Summary: A City full of Idols.
1. Paul’s Audience vv17-18b
So he reasoned in the synagogue with the Jews and the devout persons, and in the marketplace every day with those who happened to be there.  Some of the Epicurean and Stoic philosophers also conversed with him.
Setting – Last week we felt the heart of Paul for the city of Athens, how his spirit was provoked. Because Paul is a man of action, he begins evangelizing the city by reasoning in the synagogue , at the marketplace, and finally at Mars Hill.
Ephes. 6:19 and also for me, that words may be given to me in opening my mouth boldly to proclaim the mystery of the gospel,
They. were the regular attenders of worship services, were familiar with God. were familiar with the Scripture and its teachings, were the ones usually trying to live moral and just lives, were the ones usually seeking truth. In Romans 10:1 – it’s his desire and prayer that his brethren (Jews) will be saved.
B. God-Fearing Gentiles
The second audience for the gospel was God-fearing men and women. There were people who were just sick of the immorality and injustices of their pagan society and polytheistic religions. Therefore, they turned to the Jewish religion, being attracted by the emphasis upon one God and the laws demanding morality and justice for all
Central to Epicurean philosophy was the teaching that pleasure and the avoidance of pain are the chief end of man. They were materialists, who, while not denying the existence of the gods, believed they did not intervene in the affairs of men. They taught that, at death, the body and soul (both composed of atoms) disintegrate; there is no afterlife.
The Stoics or the rationalists, the self-controlled and disciplined. Stoic follows Pantheism: god exists in everything and in everyone. The fiery spirit, the energy of everything and everyone, is god. Fatalism: whatever happened occurred because it was supposed to happen. There is no good or evil in the world. Things are the way they are and happen the way they do because they are destined. There is nothing anyone can do about anything.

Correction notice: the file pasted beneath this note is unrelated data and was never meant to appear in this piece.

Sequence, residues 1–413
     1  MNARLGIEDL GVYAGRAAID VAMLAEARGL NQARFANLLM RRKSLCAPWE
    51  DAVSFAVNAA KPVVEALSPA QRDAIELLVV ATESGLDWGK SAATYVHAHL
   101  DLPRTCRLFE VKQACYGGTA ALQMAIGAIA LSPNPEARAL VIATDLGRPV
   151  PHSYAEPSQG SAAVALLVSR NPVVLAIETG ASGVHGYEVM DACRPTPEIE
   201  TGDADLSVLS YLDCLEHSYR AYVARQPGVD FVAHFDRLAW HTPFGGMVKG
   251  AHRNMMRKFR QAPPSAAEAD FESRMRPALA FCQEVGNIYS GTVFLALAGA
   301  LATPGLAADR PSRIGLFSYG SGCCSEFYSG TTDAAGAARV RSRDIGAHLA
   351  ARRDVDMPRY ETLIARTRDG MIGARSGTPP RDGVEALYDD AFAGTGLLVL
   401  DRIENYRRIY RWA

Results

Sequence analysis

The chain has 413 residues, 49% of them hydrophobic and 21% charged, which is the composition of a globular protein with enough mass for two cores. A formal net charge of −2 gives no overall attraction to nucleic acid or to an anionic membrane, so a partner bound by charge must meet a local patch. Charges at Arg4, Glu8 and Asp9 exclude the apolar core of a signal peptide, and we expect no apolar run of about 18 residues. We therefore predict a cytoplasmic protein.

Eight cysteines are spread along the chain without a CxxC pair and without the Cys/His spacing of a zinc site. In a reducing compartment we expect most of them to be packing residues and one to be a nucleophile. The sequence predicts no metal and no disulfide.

2. The Audience Response v18c
And some said, "What does this babbler wish to say?" Others said, "He seems to be a preacher of foreign divinities"—
Some of the Epicurean and Stoic philosophers confronted Paul because their philosophies clash with Christianity. Remember the Epicurean who believed that
Some mocked him to his face, calling him a “babbler.” Spermologos (idle babbler) literally means “seed picker.” The word evoked images of a bird pecking indiscriminately at seeds in a barnyard. It referred to a dilettante, someone who picked up scraps of ideas here and there and passed them off as profundity with no depth of understanding at all.
Others took him more seriously, saying that he was presenting a new and strange god. This people misunderstand completely.
3. Part 1 0f Paul’s Message- The True Gospel v18d
because he was preaching Jesus and the resurrection.
A. Jesus Christ
Luke here tells us that Paul was preaching Jesus. What does it mean to preach Jesus? The book of Acts gives us a record of Peter’s first sermon, verses 22-36 paints a stunning mural of Jesus, highlighting six truths about Him.
Truth # 1 – His Incarnation - Acts 2:22c Jesus of Nazareth, a man attested to you by God.
John tells us in Jn 1:14 And the Word became flesh and dwelt among us, and we have seen his glory, glory as of the only Son from the Father, full of grace and truth. The Word (Jesus Christ) did not cease to be God but became God in human flesh. Furthermore, Paul in Col. 2:9 For in him the whole fullness of deity dwells bodily, Christ possesses the fullness of the divine nature and attributes. In Greek philosophical it was unthinkable that God would ever take on a human body. Paul refutes that false teaching by stressing the reality of Christ’s incarnation. Jesus was not only fully God, but fully human as well.
In Philippians 2:5-11 this is more clearly translated “emptied Himself.” From this Greek word comes the theological word “kenosis”; the doctrine of Christ’s self-emptying in His incarnation. This was a self-renunciation, not an emptying Himself of deity nor an exchange of deity for humanity. Jesus did, however, renounce or set aside His privileges in several areas:
1) Heavenly glory—while on earth He gave up the glory of a face-to-face relationship with God and the continuous outward display and personal enjoyment of that glory (cf. John 17:5);
2) Independent Authority—during His incarnation Christ completely submitted Himself to the will of His Father (cf. Matt. 26:39; John 5:30; Heb. 5:8);
3) Divine Prerogatives—He set aside the voluntary display of His divine attributes and submitted Himself to the Spirit’s direction (cf. Matt. 24:36; John 1:45–49);